Speaking at a reception to mark the start of the UK-US Higher Education Policy Forum, Martin Davidson cited research carried out on behalf of the British Council by polling firm YouGov showing the attitude of British students to globalisation.
He said that at the individual institutional level, US and UK universities had a history of success on collaboration and globalisation. However, he added, the UK sector as a whole perhaps had not been "quite as successful" when it came to globalisation and students.
"Few British undergraduates view globalisation as having anything to do with them," Mr Davidson said. "Awareness of global competition for jobs is high, but virtually no British undergraduates think that it is going to affect them."
Mr Davidson said the forum, held last week in Windsor, would be key to changing the attitudes of young Britons on the importance of globalisation.
"If we are going to be a truly effective global partner, then we have to have truly effective young people with global experience," he said.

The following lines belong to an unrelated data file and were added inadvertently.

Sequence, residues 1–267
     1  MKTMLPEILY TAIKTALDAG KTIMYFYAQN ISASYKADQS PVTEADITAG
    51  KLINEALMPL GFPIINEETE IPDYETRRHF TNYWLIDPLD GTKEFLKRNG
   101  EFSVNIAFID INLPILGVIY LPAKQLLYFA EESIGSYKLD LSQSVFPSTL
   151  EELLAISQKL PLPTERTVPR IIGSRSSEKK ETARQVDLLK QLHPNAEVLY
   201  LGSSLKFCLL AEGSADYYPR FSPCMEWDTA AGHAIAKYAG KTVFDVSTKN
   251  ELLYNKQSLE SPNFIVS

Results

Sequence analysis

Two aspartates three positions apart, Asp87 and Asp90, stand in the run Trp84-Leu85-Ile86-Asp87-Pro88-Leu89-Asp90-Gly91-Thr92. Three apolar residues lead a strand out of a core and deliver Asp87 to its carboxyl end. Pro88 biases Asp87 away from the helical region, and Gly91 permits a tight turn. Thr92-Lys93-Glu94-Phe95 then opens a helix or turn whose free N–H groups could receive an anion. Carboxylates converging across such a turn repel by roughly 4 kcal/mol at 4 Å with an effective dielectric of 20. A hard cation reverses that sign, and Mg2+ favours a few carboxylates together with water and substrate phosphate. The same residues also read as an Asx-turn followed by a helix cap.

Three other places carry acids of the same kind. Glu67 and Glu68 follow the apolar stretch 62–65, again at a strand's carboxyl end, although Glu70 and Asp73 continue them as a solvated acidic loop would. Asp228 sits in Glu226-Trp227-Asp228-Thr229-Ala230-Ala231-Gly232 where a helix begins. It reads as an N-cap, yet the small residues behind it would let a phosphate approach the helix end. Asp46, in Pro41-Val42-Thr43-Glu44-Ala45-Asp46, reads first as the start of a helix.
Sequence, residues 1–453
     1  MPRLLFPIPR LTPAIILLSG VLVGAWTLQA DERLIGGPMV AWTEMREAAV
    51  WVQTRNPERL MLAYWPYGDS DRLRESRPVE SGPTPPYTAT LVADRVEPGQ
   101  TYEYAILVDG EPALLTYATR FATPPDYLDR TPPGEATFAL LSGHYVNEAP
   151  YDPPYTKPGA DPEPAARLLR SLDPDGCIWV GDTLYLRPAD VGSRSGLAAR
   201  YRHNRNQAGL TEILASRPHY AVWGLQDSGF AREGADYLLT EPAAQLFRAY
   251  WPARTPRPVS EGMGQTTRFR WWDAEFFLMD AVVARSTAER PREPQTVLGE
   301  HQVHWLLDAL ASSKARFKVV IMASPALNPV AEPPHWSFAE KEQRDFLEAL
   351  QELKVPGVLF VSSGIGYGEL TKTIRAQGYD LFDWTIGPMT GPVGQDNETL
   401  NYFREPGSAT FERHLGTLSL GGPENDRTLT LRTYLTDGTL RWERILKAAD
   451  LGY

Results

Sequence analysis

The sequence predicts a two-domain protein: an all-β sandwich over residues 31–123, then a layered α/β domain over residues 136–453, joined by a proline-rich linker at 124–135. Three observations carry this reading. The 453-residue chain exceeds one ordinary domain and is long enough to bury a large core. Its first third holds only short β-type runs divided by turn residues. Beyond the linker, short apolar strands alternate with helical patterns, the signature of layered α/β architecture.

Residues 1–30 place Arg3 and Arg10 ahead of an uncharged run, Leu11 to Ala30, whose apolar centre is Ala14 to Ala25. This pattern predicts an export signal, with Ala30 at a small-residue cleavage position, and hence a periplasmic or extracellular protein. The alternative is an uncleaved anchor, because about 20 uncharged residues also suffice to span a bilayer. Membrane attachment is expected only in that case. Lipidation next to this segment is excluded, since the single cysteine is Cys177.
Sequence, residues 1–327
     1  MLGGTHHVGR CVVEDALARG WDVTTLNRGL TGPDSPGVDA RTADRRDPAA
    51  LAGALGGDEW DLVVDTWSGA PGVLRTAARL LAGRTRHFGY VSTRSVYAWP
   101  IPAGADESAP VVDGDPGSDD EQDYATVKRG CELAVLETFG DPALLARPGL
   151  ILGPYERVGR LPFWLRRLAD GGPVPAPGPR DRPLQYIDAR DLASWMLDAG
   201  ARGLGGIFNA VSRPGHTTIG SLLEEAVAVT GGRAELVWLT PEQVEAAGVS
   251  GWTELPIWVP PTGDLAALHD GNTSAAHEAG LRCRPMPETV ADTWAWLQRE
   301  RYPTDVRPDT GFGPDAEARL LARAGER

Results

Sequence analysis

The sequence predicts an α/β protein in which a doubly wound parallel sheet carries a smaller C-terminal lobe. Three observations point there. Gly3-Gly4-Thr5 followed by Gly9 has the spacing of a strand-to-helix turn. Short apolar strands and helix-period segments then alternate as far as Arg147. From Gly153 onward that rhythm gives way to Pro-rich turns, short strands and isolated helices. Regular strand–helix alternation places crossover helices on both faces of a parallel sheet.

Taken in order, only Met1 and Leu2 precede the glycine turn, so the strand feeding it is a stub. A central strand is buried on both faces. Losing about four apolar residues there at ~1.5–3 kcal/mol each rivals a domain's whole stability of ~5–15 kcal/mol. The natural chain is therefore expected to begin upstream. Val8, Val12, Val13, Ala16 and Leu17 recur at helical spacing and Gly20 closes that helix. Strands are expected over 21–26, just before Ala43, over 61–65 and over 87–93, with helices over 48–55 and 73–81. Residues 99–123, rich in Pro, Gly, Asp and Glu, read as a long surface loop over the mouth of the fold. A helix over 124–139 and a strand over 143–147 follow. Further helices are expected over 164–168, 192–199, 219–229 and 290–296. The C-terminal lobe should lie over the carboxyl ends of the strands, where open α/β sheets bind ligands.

At the event, a variety of presidents, vice-chancellors and representatives of higher education institutions from both sides of the Atlantic discussed the challenges, opportunities and potential growth of partnership opportunities between the two countries.
The forum was lauded by President Barack Obama during his visit to the UK earlier this year as an example of how the two countries were working together.
Mr Davidson said he agreed that the forum was an important event.
He added: "If we get this right, we will affect not just the UK-US relationship, but actually the way that we in this country achieve greater recognition of the impact these exchanges have on students' lives, and get them thinking about the rest of the world in a different way."